Israel and Hamas brushed off international calls to renew an expired truce Saturday as air strikes pounded militant targets in Gaza and Palestinian groups launched volleys of rockets.
Smoke again clouded the sky over the north of the Palestinian territory, whose Hamas government said 240 people had been killed since a pause in hostilities expired early Friday and combat resumed.
In Israel, the military's Home Front Command reported 40 missile alerts in the south and centre of the country, and the Palestinian groups Hamas and Islamic Jihad announced "rocket barrages" against multiple Israeli cities and towns including Tel Aviv.
"Over 250 rockets have been fired at Israel since Friday morning," Israeli military spokesman Lieutenant Colonel Peter Lerner told reporters.
According to the United Nations, an estimated 1.7 million people in Gaza -- more than two-thirds of the population -- have been displaced by eight weeks of war.
Fadel Naim, chief doctor at the Al-Ahli Arab hospital in Gaza City, said his morgue had received 30 bodies on Saturday, including seven children.
"The planes bombed our houses: three bombs, three houses destroyed," Nemr al-Bel, 43, told AFP, adding he had counted 10 dead in his family and "13 more still under the rubble".
Gazans are short of food, water and other essentials, and many homes have been destroyed. UN agencies have declared a humanitarian catastrophe, although some aid trucks did arrive Saturday.
"Homes, hospitals and other infrastructure critical to the survival of the civilian population have suffered colossal destruction," said Pascal Hundt, head of operations in Gaza for the International Committee of the Red Cross (ICRC).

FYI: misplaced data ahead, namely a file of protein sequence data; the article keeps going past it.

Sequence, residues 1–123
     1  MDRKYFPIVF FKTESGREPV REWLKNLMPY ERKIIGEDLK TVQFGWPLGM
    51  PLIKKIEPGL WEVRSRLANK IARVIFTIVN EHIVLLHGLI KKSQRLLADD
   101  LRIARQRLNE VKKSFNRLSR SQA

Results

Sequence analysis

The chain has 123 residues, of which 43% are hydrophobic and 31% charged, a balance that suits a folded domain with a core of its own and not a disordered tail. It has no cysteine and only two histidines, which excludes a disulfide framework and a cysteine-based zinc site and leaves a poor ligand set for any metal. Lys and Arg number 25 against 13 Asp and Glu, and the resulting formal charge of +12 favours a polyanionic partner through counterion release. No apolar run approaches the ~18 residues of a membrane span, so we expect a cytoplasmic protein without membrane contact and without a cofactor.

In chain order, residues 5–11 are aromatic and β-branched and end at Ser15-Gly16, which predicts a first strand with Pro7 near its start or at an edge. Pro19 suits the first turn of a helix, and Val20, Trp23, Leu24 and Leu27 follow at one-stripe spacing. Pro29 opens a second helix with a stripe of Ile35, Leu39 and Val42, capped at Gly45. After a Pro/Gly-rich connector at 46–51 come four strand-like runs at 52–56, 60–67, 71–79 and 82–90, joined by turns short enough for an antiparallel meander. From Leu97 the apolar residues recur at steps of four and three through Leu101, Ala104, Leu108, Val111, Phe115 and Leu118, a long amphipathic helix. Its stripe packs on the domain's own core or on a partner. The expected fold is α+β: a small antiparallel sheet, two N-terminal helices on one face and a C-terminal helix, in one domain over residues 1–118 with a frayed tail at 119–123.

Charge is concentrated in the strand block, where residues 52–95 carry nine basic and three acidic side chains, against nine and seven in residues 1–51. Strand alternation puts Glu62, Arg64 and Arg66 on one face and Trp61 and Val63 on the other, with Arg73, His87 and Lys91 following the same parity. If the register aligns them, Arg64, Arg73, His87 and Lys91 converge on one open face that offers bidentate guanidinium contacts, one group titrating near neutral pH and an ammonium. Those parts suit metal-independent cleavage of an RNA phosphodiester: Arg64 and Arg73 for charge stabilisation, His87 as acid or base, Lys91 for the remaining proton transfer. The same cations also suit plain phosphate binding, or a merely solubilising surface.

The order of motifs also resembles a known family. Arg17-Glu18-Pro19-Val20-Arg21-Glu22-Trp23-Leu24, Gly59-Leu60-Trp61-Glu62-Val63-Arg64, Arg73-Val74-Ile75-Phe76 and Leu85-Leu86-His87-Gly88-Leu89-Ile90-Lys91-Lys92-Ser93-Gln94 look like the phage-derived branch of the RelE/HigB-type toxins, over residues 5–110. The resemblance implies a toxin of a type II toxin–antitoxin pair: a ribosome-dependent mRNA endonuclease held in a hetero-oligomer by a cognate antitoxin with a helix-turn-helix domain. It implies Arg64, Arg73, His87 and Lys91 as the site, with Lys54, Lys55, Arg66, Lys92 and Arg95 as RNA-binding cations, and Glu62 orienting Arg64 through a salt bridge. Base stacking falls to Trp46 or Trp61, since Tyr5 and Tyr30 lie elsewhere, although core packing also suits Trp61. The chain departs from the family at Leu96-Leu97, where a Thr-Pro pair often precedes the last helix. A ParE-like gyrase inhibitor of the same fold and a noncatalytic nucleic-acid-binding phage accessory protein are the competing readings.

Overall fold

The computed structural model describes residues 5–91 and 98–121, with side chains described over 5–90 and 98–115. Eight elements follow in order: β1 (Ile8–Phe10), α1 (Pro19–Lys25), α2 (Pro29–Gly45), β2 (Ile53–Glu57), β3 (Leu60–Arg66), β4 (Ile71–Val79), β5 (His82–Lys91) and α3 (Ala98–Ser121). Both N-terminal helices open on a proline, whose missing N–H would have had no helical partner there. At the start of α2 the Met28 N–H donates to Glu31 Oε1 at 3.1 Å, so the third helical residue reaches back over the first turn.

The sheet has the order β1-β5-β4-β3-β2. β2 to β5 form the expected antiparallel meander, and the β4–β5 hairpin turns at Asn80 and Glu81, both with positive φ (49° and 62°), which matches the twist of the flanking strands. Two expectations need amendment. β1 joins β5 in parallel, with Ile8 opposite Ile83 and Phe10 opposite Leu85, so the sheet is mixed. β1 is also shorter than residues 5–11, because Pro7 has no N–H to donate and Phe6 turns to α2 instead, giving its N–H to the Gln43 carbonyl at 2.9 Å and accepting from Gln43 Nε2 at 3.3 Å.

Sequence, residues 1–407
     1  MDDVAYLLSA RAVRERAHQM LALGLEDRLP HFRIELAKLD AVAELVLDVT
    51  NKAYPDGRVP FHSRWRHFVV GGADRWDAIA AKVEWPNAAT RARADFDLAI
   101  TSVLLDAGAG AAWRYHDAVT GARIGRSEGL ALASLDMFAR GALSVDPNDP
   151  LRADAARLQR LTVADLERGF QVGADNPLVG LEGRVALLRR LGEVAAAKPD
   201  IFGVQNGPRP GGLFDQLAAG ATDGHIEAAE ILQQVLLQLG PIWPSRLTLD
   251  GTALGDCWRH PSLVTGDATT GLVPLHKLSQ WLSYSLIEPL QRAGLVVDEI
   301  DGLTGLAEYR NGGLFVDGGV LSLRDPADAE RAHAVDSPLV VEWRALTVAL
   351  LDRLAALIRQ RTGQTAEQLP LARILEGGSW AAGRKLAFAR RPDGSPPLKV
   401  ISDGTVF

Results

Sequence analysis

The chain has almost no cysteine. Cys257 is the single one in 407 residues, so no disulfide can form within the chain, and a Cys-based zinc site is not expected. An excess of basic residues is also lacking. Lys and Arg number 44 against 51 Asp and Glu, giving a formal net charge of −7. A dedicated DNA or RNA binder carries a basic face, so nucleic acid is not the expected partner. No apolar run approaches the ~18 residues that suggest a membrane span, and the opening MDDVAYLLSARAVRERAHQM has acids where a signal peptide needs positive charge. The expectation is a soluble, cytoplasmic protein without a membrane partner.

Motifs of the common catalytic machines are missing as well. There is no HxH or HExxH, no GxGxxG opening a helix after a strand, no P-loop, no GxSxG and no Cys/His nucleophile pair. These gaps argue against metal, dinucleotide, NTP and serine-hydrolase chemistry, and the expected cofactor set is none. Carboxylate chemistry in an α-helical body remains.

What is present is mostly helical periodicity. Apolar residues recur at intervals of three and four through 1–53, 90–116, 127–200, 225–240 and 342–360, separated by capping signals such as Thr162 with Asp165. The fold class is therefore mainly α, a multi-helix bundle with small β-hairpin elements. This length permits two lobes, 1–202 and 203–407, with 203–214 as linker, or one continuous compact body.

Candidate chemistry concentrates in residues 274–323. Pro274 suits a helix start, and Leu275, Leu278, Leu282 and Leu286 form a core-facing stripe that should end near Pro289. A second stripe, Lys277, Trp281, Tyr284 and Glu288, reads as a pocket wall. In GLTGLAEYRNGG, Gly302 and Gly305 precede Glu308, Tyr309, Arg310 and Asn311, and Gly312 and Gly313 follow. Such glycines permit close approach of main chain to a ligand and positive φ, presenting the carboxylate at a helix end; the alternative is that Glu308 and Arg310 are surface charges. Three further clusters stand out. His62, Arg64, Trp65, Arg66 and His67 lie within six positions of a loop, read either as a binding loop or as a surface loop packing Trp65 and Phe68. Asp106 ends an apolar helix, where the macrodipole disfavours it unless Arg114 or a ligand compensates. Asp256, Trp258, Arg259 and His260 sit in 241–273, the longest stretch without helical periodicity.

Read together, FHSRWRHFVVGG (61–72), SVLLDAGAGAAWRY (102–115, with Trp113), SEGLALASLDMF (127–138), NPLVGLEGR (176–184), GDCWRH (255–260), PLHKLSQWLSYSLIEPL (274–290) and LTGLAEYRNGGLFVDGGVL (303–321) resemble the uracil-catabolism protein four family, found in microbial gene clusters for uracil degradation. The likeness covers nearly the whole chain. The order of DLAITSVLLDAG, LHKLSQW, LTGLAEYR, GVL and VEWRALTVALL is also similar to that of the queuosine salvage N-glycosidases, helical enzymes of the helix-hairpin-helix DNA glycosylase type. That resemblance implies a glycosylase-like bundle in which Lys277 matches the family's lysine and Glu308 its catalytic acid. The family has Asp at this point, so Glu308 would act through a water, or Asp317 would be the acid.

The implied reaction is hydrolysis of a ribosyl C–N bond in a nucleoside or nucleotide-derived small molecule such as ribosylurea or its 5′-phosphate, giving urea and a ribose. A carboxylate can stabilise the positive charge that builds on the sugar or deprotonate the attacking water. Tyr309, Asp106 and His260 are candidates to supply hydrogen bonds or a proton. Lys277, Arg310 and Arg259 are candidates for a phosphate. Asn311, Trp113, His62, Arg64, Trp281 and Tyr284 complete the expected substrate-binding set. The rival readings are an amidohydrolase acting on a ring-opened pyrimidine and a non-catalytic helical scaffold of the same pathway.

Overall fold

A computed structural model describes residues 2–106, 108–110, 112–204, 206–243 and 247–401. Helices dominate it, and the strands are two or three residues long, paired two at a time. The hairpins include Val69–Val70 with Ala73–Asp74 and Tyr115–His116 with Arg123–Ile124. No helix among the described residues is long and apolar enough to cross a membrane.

"Current conditions do not allow for a meaningful humanitarian response, and I fear will spell disaster for the civilian population," he added.
After the truce between Israel and Hamas expired on Friday, Israel had told NGOs not to bring aid convoys across the Rafah border crossing from Egypt, the Palestine Red Crescent Society had said.
But on Saturday, the charity said its Egyptian colleagues had managed to send over a number of trucks.
- Israel withdraws negotiators -
Both sides blamed each other for the breakdown of the truce, which before it expired had enabled the release of 80 Israeli hostages in exchange for 240 Palestinian prisoners.
The deal had been brokered with the help of Qatar, backed by Egypt and the United States, but on Saturday Israel said it was withdrawing its negotiators from Doha after reaching a dead end in talks aimed at securing a renewed pause in hostilities.
Israeli hostages freed from Gaza called on their government to secure the remaining captives' release.
In brief video messages screened at a rally in Tel Aviv, four women related the fear, hunger, and sleeplessness of their captivity.
"Our daughters saw things that children at that age -- or of any age -- don't need to see," said Danielle Aloni, 45, who was released last week along with her five-year-old daughter.